Scientists converged on Whistler for 24 hours of study during the annual BioBlitz species count. This year's theme was spiders.
A total of 600 species of all kinds were counted between noon on Saturday, July 27 and noon the following day, with about 125 of those being species previously undiscovered.
"We had a really good crew of insect and spider specialists this year," said organizer Bob Brett after spending a few days compiling data.
Brett said 10 local scientists participated this year along with 62 visiting scientists.
While they were out counting species, home base for the event was at Alpha Lake Park in Creekside. A number of organizations set up tents and displayed things like bats, invasive species, mushrooms, fungus, snakes, fish, tadpoles, salamanders and frogs for curious park visitors to check out. Brett paddled a canoe around Alpha Lake Sunday morning gathering items to add to the displays in the park. He was surprised to learn from Elizabeth Barrett, another BioBlitz organizer, that a rare green heron had been spotted several times at the lake.
While discussing the heron a belted kingfisher flew across the lake and landed in a tree on the northeastern shore. Barrett pointed out that the adult kingfisher has a mate and the pair have four offspring that live near the lake.
Brett said the adult scientists aren't much different from the kids that learned about the various species found throughout Whistler over the weekend.
"When I look at the little kids on the beach, it's basically a bunch of little kids that grew up and kept the love for running around and looking at stuff, and the slimier the better," said Brett of the scientists participating in BioBlitz. "We have people that are as thrilled about seeing a new mosquito species as they are about a beautiful wildflower. The main thing is that there's a scientist sense of humour that is really, really fun."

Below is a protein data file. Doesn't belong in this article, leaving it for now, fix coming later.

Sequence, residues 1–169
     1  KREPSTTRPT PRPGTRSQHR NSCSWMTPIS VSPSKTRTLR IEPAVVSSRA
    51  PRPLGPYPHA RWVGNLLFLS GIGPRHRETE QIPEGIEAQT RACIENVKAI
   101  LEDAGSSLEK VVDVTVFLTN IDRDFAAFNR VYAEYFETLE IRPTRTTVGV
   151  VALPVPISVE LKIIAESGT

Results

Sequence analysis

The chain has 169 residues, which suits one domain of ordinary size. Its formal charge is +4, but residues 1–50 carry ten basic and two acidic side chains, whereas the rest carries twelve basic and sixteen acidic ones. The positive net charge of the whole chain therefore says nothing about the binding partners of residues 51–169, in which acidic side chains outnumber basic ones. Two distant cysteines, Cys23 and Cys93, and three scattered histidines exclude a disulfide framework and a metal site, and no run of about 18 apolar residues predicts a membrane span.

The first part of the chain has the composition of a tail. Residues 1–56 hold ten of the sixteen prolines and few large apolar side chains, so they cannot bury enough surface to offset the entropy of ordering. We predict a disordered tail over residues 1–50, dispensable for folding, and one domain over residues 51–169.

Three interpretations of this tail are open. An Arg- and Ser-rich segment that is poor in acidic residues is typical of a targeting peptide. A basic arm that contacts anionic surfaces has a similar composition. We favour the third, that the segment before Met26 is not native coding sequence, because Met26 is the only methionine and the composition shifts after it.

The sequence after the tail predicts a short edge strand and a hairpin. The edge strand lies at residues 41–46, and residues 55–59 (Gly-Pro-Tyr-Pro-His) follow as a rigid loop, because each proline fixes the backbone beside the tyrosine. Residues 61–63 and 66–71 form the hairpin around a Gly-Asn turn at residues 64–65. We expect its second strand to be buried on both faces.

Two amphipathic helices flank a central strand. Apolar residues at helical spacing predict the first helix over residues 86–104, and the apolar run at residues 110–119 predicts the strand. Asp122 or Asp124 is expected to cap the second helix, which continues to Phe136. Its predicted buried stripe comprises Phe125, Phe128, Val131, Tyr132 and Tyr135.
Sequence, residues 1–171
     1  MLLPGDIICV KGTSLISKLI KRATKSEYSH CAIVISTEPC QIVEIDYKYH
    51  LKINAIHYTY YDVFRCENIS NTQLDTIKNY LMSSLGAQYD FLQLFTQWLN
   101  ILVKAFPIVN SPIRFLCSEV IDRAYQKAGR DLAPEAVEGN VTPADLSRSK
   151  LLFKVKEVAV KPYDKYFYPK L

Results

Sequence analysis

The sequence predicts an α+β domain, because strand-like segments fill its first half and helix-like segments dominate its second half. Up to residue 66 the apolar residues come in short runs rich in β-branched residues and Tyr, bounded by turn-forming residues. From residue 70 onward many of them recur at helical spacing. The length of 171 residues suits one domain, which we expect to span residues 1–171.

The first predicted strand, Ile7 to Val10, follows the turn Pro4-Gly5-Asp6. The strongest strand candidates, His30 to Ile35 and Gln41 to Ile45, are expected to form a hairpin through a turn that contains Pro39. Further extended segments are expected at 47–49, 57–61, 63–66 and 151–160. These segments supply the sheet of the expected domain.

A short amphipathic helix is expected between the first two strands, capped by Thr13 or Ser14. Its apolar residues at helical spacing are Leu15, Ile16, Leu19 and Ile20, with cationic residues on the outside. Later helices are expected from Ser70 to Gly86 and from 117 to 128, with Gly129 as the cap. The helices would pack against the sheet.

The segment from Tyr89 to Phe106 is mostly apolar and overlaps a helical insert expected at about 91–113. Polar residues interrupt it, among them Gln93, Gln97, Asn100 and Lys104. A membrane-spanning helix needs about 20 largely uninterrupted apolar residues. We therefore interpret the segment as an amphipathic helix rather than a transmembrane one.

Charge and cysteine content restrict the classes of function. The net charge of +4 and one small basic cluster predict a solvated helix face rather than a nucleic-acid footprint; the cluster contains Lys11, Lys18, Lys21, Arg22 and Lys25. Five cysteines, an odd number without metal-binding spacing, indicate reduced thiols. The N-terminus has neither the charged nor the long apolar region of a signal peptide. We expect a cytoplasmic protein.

According to Barrett, it is an opportunity to show people that Whistler is more than just an outdoor playground.
"There's one side of Whistler that people think of as riding bikes and skiing and then on the other side is an absolute treasure trove of animals and little critters around that people are unaware of," said the volunteer from Vancouver. "I think that if we explore it and show children they become citizen scientists, and that is really important," Barrett said.
She added that a unique group of scientists gathered in Whistler for BioBlitz. The group included Andy McKinnon, author of what Brett described as the main plant book for the Whistler area. Volunteer Jordan Rosenfeld took kids gathered Sunday at Alpha Lake to the shore to catch aquatic life for further inspection. One of the fish Rosenfeld caught was a pregnant stickleback. Seth Rodman, a UBC PhD student joined him and talked about his stickleback research.
"They make a little nest, it's like a little swim-through tunnel and they sit outside with their nice red throats making these fancy zigzag maneuvers to get the females to come over," Rudman told a group of wide-eyed kids under the age of six. "The females lay their eggs in the nest and the males take care of the babies until they are big enough to go away."
Brett said BioBlitz isn't expected to happen next year. The original event date bumped up against Crankworx, so the event date was moved to ensure there would be enough hotel rooms for the visiting scientists. The weekend BioBlitz was moved to will conflict with Ironman next year so Brett said the event is expected to be smaller next year and possibly cover a larger geographical area.
Key to the BioBlitz date is the wildflower showing in the alpine. Brett said that is a draw for the visiting scientists.
"Most of the scientists that come up here, it is the alpine that draws them," Brett said. "We want to get them up into the alpine."
He noted that if the date is moved to June or September the alpine flowers aren't in bloom or attracting birds and insects.